A sovereign wealth fund set up by Israel for proceeds from offshore gas extraction will not invest the money back into oil and gas companies, the official in charge of the fund said Tuesday.
The board of the Israeli Citizens’ Fund has decided to “avoid direct investment” in companies involved in the extraction and production of oil or gas, Yarom Ariav told the Knesset committee that oversees the fund. He said the fund was now worth nearly $350 million.
Speaking for himself, Ariav said the impetus for the ban on fossil fuel investments was a mixture of ethics and economics.
The fund was set up in recent years following the discovery of natural gas to invest the expected energy windfall as well as proceeds from the extraction of other natural resources, such as minerals and stone.
It began to operate on June 1 — long after initial predictions — after passing the required income threshold of NIS 1 billion.
The committee was told that NIS 1.14 million had entered the fund and had already been converted into just under $342 million.
No further proceeds are expected until May.
Ariav, an economist, a former Finance Ministry director-general, and former President and CEO of ICL Fertilizers Europe, is required to report on the fund’s activities to the Knesset every three months. Tuesday’s meeting was the first since the fund began to operate.
He said the fund’s steering panel will seek 40-year investments to limit risk and fulfill the law’s aim of benefiting future generations.
To avoid exchange rate fluctuations, it will use dollars to make investments, although it could also invest in other currencies.
Until the long-term investment strategy is worked out, the committee will take a conservative approach to the money already in the fund and will invest it in exchange-traded notes in Europe and the US, Ariav said.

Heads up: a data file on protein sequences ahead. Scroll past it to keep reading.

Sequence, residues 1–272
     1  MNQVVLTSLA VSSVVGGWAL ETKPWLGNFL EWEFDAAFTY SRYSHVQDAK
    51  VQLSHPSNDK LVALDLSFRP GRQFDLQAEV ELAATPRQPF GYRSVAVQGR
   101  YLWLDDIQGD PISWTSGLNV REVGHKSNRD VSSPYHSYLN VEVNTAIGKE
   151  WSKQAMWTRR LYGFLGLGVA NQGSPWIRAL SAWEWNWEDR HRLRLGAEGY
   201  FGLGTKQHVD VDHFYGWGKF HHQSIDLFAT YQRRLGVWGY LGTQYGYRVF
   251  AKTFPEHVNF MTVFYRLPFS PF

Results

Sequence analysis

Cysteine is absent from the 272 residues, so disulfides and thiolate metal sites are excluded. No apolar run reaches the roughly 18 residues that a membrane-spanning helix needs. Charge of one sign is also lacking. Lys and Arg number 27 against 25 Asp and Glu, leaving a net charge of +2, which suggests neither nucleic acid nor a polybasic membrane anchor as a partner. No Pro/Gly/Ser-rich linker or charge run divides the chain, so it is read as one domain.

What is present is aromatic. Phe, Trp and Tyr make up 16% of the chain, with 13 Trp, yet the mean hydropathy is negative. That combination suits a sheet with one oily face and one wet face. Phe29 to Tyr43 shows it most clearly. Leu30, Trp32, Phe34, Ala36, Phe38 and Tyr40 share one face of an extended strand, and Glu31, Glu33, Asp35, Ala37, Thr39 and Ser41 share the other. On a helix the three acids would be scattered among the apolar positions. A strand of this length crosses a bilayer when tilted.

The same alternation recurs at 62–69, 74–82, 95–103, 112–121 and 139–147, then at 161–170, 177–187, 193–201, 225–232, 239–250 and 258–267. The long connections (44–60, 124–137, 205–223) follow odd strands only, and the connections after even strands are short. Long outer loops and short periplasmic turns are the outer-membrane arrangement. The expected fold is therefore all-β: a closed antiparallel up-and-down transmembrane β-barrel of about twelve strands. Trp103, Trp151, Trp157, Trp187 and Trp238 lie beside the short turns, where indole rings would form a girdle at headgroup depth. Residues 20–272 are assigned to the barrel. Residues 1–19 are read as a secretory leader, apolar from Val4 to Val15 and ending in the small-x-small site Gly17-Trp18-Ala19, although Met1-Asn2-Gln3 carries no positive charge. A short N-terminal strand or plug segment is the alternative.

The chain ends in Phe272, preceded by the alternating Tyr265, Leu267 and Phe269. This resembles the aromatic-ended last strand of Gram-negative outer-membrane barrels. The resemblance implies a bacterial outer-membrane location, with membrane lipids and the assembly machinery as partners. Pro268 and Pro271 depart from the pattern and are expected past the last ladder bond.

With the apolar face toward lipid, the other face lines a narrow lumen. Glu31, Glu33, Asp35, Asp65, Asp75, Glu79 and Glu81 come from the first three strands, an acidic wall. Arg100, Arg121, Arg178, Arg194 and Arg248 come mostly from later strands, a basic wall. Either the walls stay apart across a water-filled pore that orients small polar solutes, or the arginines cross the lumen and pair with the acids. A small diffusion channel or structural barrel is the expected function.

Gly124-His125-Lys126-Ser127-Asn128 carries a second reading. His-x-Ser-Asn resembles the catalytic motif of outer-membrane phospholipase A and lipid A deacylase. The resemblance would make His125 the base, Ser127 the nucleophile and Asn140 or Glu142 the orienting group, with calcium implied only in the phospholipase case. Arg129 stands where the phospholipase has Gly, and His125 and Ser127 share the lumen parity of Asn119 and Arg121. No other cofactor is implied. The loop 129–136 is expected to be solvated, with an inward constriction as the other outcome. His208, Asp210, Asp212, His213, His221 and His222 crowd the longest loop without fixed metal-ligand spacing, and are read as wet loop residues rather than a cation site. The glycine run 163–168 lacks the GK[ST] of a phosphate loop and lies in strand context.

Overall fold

The fund will be entering the market as it has been convulsed with deep losses stemming from rocketing inflation, shifting high-flying Wall Street into a bear market posture.
To hedge risks, money already in the fund will be invested slowly, with weekly investments over four months, he added.
The fund is slated to have an operational budget of NIS 3 million ($865,000) annually in 2022 and 2023, said Amir Katznelson, a senior adviser to Finance Minister Avigdor Liberman, who chairs the fund’s investment board.
A Bank of Israel representative said that the funds were already with the Federal Reserve System and that work was ongoing to open an account with the Bank of New York and complete paperwork for operations such as bank transfers by SWIFT.
On investment transparency, an economist from the Knesset Research and Information Center said he had reviewed the policy for similar funds in Australia, South Korea, Singapore, and Norway.
Norway reported on the 20 companies that received the biggest investments, he explained, with the other three reporting how the money had been invested, but not where.
The Knesset passed a law setting up the fund in 2014 as it prepared to become an energy exporter thanks to gas finds in the eastern Mediterranean.
The law determined that the fund’s capital could only be invested overseas, in foreign currency, to protect the stability of the shekel and that only up to 3.5 percent of investment income could be spent annually on social, economic, and educational projects for the first nine years. It also set up a council to approve investments and larger strategy moves.
The seven-member council must include representatives of the Prime Minister’s Office, the Finance Ministry, and the Bank of Israel, as well as economists and expert public appointees. Its role includes determining overall investment policy and overseeing implementation, providing the Finance Minister with an annual proposal on how to spend the funds, and appointing the director of a department within the Bank of Israel to carry out the day-to-day work.